Homologous recombination of adenovirus DNA in mammalian cells: enhanced recombination following UV-irradiation of the virus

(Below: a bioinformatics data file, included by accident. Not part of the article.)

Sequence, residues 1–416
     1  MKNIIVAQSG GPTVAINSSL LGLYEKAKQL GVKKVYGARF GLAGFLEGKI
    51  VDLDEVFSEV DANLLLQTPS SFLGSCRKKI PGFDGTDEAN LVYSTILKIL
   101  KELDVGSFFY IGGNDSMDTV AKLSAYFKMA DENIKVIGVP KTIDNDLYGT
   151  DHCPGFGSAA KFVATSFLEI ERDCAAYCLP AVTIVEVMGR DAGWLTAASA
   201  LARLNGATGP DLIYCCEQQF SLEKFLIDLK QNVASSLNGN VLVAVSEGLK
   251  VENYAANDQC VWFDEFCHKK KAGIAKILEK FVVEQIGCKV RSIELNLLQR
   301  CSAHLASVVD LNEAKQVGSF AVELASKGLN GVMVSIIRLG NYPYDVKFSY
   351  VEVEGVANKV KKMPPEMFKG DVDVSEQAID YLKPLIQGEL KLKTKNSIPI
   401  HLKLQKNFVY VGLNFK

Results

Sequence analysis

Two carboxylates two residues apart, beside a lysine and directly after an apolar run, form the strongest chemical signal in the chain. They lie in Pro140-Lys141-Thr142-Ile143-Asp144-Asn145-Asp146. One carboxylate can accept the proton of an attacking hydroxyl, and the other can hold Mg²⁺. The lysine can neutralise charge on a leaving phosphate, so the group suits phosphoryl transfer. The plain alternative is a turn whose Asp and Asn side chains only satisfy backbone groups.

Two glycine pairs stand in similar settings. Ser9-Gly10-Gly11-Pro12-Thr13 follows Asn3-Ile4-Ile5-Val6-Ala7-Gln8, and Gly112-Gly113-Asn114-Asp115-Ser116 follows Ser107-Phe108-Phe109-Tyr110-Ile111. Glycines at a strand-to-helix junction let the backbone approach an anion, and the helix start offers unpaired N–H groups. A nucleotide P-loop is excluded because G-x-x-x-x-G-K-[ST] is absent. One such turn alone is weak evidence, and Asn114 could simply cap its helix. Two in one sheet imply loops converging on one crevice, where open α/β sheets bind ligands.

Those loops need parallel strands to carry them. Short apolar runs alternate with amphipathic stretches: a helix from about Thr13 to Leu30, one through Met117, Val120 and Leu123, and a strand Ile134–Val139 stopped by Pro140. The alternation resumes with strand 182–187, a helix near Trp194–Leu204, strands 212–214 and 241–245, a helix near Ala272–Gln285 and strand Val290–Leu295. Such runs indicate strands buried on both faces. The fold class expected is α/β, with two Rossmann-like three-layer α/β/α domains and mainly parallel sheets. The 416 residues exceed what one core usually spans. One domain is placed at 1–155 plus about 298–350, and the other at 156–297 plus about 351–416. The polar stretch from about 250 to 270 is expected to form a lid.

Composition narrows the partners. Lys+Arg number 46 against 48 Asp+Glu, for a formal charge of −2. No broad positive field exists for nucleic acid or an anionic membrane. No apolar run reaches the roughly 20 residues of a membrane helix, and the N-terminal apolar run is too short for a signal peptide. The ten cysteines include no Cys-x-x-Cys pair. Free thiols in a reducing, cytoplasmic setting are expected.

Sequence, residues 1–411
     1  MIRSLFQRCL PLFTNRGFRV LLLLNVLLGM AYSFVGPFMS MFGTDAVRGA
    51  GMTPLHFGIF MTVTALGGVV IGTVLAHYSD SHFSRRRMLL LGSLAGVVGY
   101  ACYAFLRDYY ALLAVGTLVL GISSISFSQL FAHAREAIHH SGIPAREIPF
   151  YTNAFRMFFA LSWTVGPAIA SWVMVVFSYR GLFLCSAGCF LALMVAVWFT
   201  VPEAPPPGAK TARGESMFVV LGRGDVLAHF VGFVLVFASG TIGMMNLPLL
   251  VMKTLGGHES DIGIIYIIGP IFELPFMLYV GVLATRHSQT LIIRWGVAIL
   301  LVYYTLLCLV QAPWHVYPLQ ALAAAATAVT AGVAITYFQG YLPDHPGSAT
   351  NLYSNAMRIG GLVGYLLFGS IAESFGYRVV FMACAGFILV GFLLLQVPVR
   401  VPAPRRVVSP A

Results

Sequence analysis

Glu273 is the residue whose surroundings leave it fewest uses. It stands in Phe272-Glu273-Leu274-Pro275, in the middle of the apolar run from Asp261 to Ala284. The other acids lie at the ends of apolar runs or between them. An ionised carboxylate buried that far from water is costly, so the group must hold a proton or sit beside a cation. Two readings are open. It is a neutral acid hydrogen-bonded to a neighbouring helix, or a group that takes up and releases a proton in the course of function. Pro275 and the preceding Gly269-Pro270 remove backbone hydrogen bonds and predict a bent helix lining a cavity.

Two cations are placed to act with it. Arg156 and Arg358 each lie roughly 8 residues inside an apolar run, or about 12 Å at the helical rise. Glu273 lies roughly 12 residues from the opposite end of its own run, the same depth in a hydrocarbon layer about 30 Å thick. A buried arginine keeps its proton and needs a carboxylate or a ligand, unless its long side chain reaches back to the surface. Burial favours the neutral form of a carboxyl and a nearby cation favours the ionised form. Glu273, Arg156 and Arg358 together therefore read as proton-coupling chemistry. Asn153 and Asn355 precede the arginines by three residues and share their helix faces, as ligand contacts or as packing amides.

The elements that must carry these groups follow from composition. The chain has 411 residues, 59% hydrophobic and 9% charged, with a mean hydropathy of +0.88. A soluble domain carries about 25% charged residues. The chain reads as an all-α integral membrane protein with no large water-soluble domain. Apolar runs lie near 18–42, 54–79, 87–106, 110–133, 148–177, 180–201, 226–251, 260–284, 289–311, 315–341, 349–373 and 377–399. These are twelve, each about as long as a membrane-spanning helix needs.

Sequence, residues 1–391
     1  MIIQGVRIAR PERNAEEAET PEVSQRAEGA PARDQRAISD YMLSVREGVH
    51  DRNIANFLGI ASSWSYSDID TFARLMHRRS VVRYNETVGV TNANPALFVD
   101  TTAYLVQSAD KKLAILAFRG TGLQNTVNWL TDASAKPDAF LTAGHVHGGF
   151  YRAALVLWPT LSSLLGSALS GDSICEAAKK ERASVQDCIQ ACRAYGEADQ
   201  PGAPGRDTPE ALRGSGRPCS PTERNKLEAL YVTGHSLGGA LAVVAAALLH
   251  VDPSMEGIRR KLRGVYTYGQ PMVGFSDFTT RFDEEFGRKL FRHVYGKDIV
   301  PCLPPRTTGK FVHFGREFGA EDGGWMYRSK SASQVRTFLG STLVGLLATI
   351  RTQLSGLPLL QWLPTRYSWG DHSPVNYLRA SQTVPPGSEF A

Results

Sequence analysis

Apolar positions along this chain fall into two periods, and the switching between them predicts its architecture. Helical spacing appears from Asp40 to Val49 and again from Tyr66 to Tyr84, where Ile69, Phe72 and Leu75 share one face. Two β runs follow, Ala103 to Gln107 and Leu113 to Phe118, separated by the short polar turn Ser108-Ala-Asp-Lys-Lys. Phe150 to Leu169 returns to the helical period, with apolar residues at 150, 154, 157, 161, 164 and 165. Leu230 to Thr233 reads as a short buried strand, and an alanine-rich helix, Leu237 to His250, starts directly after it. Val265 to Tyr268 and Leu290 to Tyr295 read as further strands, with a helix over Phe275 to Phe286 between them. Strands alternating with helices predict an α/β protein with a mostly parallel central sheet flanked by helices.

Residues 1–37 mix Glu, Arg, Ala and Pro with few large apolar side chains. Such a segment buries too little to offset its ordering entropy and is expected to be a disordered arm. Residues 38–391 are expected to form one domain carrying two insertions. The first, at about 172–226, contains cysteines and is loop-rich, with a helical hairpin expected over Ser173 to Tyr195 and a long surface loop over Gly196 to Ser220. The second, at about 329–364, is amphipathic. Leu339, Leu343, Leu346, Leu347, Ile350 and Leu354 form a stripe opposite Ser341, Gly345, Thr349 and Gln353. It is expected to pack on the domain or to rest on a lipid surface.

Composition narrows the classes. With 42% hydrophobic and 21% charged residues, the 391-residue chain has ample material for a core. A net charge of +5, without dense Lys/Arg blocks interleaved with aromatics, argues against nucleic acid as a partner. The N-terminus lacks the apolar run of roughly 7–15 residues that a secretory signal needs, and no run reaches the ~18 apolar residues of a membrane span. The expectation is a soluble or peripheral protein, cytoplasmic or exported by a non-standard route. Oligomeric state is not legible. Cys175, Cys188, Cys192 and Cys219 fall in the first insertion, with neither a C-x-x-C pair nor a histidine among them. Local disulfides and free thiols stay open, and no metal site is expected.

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We have used adenovirus as a molecular probe to examine the recombination of viral DNA following infection of mammalian cells. The technique gives a quantitative measure of homologous recombination between adenovirus type 2 (Ad2) and Ad5PyMTR3. Ad5PyMTR3 is an insertion mutant of Ad5 containing polyoma virus (Py) DNA inserted into a deleted E1 region of the Ad5 genome. Cells were coinfected with Ad2 and Ad5PyMTR3 and at an appropriate time after infection, viral DNA was extracted from the infected cells, digested with restriction endonuclease and electrophoresed through an agarose gel. Although Ad2 and Ad5 have more than 99% DNA homology, they differ sufficiently in their restriction endonuclease patterns, such that recombinant viral DNA molecules containing the Py insert could be detected and quantified by Southern blotting and hybridization to a radioactive Py DNA probe. Using this method we are able to detect and quantitate recombinant viral DNA molecules containing the Py insert which are present at frequencies down to at least 1 in 100. Recombination was detected in Chinese hamster ovary cells, monkey kidney cells, human HeLa cells, normal human fibroblasts and SV40 transformed human fibroblasts. In experiments using HeLa cells, the frequency of recombination between the Py insert on Ad5PyMTR3 and a number of unique restriction enzyme sites on Ad2 increased with the distance from the Py insert to the restriction site. Also in HeLa cells, recombination increased with increasing amounts of viral DNA synthesis and with increasing UV dose to the virus. UV-irradiation of both coinfecting viruses with 1500 J/m2 resulted in a more than 100-fold reduction in the amount of viral DNA synthesized and about a 3-fold increase in the frequency of recombination.
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